Sun Xun is counted among the most aspiring representatives of a younger generation of Chinese artists (* 1980 in Fuxin / Liaoning Province, lives and works in Hangzhou). In 2005, he completed his studies in printmaking at the China Academy of Fine Arts in Hangzhou and developed while still studying his first animated film (Utopia in the Day, 2004) made from his drawings filmed sequentially one at a time. Since 2006, the artist has his own animation studio, where in recent years many drawings and film animations were produced. Sun Xun showed widely at international film festivals (25th Torino Film Festival, 8th Seoul International Film Festival, 53rd International Short Film Festival Oberhausen, International Short Film Festival MECAL in Barcelona), as well as had institutional solo exhibitions at the Drawing Center in New York, the Hammer Museum in Los Angeles, the Max Protech Gallery, New York and at ShanghART, Shanghai. His works has also been exhibited at the Astrup Fearnley Museum of Modern Art in Oslo and in many institutions throughout China. In his first European solo exhibition at Kunsthaus Baselland, Sun Xun presents next to his drawing series Shock of Time (2006), Mythos (2006), Heroes no longer (2008), for the first time his new film 21g (2010) and related drawings (2010).
Sun Xun's main oeuvre consists of a series of impressive black and white films that pick up subjects of time and world history while consciously revealing a critical and political awareness — especially regarding to the history of China. His recent drawings, which form the basis for his films and also function as an independent medium, all feature the figure of a magician. The magician, easily recognizable by the black top hat, embodies the lie, the uncontrollable, the lawless, and deception. Sun Xun lets the magician describe himself as follows: “Today, I am a magician, wearing a black high top and tuxedo, a professional liar! I make a living by deceiving. People are willing to buy lies from me! Read here are like mental drugs. When an actual promise is broken once again, lies can always make it up and turn everything to be confusing yet magnificient. People are obsessed with beautiful illusions...”
Sun Xun uses single drawings for the film frames and erases them partly for the next frame in order to re-film them, a technique, that is quite obviously informed by the work of South African artist William Kentridge. Kentridge's work became large in China after appearing at the Shanghai Biennial in 2000, and since then became also an important source of inspiration for Sun Xun, a springboard for his own vocabulary and personal style. His paintings soon featured a wide range of material: he applied acrylic paint, pencils, chalk, water color, oil paint or ink on image carriers like book pages, newspaper pages, or rice paper. “I can use anything to make an animation: the important thing being to find a language and a means of expression that is mine and is unique” — so the original wording of the artist.
The work Shock of Time (2006), a series of small paintings and a film, is composed from old newspapers from the 1950s and ‘60s. Here, the artist questions our notion of history, which varies individually and according to the temporal distance and thus carries the potential of a false construction of history or a lie. Headlines and news from the era Mao Zedong’s are so far away for the young that he can weigh its importance and accuracy only from the temporal distance. He uses the newspaper reports as a support and adds new, painted-on stories, which together underscore the fragmentary perception of historical events.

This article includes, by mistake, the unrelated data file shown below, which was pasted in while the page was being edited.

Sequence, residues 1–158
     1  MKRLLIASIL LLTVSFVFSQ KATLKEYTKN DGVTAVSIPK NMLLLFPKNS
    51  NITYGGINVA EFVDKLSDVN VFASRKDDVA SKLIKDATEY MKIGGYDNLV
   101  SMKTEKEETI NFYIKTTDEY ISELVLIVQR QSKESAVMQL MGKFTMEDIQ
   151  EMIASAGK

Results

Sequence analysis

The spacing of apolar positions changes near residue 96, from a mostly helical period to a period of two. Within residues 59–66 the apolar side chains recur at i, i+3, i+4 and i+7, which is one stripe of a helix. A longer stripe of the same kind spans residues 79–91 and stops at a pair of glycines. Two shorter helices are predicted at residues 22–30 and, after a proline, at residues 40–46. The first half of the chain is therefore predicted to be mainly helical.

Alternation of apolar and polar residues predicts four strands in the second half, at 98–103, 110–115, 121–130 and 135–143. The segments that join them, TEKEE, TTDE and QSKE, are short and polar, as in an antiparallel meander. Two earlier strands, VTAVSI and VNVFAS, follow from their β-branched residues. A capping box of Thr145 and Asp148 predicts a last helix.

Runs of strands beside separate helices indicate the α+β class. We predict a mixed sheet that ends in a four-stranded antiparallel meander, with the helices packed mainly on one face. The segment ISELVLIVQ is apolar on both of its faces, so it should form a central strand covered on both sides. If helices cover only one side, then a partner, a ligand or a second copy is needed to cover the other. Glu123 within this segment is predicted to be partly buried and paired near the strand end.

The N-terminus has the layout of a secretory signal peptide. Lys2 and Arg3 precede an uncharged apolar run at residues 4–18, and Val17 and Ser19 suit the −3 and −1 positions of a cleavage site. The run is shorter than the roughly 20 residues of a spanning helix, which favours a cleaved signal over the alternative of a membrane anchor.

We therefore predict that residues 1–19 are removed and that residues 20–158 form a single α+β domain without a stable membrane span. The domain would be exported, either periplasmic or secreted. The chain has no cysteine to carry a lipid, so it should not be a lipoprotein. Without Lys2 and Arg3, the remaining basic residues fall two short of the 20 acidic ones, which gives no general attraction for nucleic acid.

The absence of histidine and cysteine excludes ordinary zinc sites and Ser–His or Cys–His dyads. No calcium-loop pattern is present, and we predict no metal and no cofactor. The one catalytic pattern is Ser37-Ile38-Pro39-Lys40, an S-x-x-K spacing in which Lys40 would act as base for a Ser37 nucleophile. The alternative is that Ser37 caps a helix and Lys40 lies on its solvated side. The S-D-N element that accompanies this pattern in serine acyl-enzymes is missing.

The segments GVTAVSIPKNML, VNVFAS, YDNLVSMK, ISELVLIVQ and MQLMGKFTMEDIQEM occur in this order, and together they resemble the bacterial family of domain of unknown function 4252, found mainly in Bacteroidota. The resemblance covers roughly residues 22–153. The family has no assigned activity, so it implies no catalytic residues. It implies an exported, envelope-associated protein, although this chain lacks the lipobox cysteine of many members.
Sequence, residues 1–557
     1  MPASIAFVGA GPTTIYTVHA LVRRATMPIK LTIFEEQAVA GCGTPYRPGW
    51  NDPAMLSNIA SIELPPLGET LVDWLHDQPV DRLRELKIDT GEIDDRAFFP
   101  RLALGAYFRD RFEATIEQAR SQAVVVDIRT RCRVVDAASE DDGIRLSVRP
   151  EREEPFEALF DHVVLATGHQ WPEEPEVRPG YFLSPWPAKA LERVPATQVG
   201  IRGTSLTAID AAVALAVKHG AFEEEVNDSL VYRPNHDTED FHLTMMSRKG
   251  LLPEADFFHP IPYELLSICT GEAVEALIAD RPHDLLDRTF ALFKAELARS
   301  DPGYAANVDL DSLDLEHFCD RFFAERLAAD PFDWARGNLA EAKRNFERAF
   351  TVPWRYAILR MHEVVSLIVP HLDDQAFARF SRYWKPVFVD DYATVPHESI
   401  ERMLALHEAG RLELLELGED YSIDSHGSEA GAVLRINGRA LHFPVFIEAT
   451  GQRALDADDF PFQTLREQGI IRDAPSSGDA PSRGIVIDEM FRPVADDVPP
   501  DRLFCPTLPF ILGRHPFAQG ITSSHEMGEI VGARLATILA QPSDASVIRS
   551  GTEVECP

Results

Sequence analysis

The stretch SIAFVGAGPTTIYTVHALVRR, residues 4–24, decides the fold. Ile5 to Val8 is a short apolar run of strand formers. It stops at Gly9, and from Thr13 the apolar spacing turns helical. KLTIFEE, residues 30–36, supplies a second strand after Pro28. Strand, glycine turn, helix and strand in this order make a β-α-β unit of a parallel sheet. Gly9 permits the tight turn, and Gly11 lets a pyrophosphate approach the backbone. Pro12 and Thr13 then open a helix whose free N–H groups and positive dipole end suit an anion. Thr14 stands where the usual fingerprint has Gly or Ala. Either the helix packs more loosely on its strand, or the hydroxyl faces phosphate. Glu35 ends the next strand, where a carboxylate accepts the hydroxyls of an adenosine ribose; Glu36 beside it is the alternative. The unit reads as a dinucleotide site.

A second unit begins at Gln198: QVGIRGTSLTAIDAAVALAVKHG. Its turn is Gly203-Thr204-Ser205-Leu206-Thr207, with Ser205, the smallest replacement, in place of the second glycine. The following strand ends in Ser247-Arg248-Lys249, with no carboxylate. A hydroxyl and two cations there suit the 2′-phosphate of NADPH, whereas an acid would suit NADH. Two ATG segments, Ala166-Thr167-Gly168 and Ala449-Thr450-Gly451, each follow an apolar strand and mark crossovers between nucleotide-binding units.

The work Mythos (2006) is dedicated to the reflection of history and how it was for such. A new element in the film and in the paintings is the sudden brilliant flashes of color. In addition to the figure of the magician, there is another conceptual parameter that newly defines his vocabulary: This includes the concepts and issues of history, geocentric theory, country, historical idealism, or revolution. Beijing-based critic and curator Karen Smith writes: “These words map out the parameters of the works, and the thought processes by which the artist questions political systems and socio-cultural multi-lateral relationships that are designed to preserve the illusion of nationhood but that ultimately shift around similar but irreconcilable perspectives on the world”.
In the paintings of the series Heroes no longer (2008) Xun Sun combines the concept of the hero with the concept of history. The heroic figure is kind of a historical complex that is constructed within the historical process as well as in history itself, or to formulate it differently: For him, the hero is just as unrealistic as history. “History is Conspiracy” is written on one of the sheets, birds pecking around a newspaper lying on the floor, the magician is conjured through the illusionary possibilities of a film projector and could disappear at any time, an old bill, from which a piece is torn out, is confronted with the daily reality of a paper cutout.
21 g (2010), the latest work of the artist, is characterized in its screenplay-like script as follows: “History has abandoned time, and we have lost our souls...”. The weight of 21g was in an experiment by the American physician Duncan MacDougall in 1907 identified as the ‘weight of the soul’. Sun Xun in this work starts a new exploration of history, this time in connection with the soul.
Text by Sabine Schaschl